Thanks for the feedback guys, but I have to say one more time that I just wanted to simplify it. Also, maybe the subject field was not chosen very well. "The syntax of forward and move and a possible implementation as  macros" might have been a better choice, at least it does not conflate macros and templates trying to keep it short. Anyway, please try out the code from the original email, it works quite well, and all the building blocks already exist. One simply does not have to keep track of the template parameter T anymore. One more thing, I definitely agree on "minimal-syntax".... and my whole point was that a macro will do it as of now. But, if we consider extending the syntax, then it does not have to be a macro anymore, of course, and that would definitely like that. On a related note, it would be nice if those macros could be tucked away safely into a namespace,... but I digress.

Best,

 Amar


On Mon, Aug 29, 2022 at 5:25 PM Михаил Найденов via Std-Proposals <std-proposals@lists.isocpp.org> wrote:



On Mon, Aug 29, 2022 at 5:08 PM Marcin Jaczewski <marcinjaczewski86@gmail.com> wrote:
pon., 29 sie 2022 o 15:54 Михаил Найденов via Std-Proposals
<std-proposals@lists.isocpp.org> napisał(a):
>
> I personally think, this should be a minimal-syntax, non-overridable, unary postscript operator that will work for both forward and move, much like cast-to-T&& today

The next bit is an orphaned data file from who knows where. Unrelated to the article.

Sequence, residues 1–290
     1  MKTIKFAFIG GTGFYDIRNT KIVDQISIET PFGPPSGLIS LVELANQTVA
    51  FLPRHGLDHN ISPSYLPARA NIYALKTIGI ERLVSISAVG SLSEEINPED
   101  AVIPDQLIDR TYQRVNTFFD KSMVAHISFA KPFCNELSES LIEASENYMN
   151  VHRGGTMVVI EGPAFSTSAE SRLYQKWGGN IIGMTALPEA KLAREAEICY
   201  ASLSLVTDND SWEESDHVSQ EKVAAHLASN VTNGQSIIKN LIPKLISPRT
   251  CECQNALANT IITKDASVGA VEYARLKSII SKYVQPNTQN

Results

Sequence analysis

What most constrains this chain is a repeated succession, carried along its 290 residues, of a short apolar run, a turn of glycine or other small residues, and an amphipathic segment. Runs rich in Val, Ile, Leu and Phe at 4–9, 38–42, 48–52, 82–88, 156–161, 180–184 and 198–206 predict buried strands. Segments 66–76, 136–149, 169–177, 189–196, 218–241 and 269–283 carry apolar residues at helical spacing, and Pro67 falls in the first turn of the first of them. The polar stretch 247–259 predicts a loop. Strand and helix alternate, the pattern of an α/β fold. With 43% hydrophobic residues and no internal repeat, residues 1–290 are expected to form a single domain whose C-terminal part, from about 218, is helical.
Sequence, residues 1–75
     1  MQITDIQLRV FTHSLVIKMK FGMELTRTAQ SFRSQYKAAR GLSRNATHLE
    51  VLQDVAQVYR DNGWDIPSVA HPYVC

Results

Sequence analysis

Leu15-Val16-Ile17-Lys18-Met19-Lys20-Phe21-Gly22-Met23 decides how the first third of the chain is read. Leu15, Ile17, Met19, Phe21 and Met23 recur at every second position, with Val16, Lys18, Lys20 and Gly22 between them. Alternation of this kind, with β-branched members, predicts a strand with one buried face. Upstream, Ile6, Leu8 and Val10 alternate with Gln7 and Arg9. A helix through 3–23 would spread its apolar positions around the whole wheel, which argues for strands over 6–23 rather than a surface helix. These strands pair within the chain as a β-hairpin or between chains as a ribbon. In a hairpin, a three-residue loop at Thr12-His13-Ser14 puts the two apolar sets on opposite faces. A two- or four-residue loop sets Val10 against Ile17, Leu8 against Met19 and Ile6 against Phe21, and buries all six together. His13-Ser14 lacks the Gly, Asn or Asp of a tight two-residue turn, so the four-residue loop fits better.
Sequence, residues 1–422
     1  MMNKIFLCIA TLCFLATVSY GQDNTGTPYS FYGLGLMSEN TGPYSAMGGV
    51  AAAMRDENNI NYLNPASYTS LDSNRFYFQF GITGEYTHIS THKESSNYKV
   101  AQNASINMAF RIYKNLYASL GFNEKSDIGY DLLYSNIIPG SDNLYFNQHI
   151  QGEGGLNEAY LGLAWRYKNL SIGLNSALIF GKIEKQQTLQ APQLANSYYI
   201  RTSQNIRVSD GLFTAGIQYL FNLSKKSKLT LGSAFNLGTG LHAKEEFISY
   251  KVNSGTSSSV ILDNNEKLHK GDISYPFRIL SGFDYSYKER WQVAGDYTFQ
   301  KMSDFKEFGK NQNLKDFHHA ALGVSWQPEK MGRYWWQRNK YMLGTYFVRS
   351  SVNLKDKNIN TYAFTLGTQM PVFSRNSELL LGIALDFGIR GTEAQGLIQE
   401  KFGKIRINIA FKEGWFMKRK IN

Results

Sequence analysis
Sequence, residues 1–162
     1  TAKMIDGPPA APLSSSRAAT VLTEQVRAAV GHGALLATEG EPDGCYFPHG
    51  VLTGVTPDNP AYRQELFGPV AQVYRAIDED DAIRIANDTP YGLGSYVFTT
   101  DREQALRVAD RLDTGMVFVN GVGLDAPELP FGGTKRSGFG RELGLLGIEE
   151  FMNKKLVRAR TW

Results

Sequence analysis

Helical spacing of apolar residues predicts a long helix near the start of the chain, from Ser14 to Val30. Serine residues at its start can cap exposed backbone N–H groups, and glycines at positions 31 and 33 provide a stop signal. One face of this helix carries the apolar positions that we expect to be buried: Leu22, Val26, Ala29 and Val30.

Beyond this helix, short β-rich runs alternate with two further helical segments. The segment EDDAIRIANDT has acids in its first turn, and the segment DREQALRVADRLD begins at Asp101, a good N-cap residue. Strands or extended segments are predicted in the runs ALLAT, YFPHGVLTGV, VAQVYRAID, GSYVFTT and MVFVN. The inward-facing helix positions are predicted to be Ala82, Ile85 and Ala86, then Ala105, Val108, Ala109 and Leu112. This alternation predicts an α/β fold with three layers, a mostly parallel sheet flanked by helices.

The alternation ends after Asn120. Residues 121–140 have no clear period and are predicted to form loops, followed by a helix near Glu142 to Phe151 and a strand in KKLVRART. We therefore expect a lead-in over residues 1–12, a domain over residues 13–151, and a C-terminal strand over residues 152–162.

>
> template <typename T> Dog(T&& name) : name(name&&)  //< forward
> {}
>
> Name(string&& aName) : name(aName&&)  //< move
>
> {
>
>   cout << "Rvalue Name constructor." << endl;
>
> }
>
> If there is ambiguity with binary operator &&, the latter is chosen
> template<class T>
> void func(T&& a, int b) {
>   a&&-b   //< ok, still operator&&(a,-b)
>
>   (a&&)-b //< ok, std::forward<T>(a) - b;
> }

 
Should this be the other way around? `&&a` not `a&&`?
As far I understand this is available in standard but it is used by
computed goto labels in GCC.

Nah, the idea is not have the association with address-of (double ampersand before a value looks like address-of-address-of, similar to the pointer-to-pointer syntax)
where if it is behind, has the association of universal/r-value references (behind the type, now behind the value, simple)

Lastly, this way one can have usage as: 
value&&.member()
value&&()
 
Which will do forward-and-call, something often needed in generic code.
Because we lack a natural syntax, and the official one is a nightmare, some people, like Eric Niebler, are forced into using the hacky c-cast 

something((T&&)value)

Or alternatively, people invent a FWD macro... which is a macro. 
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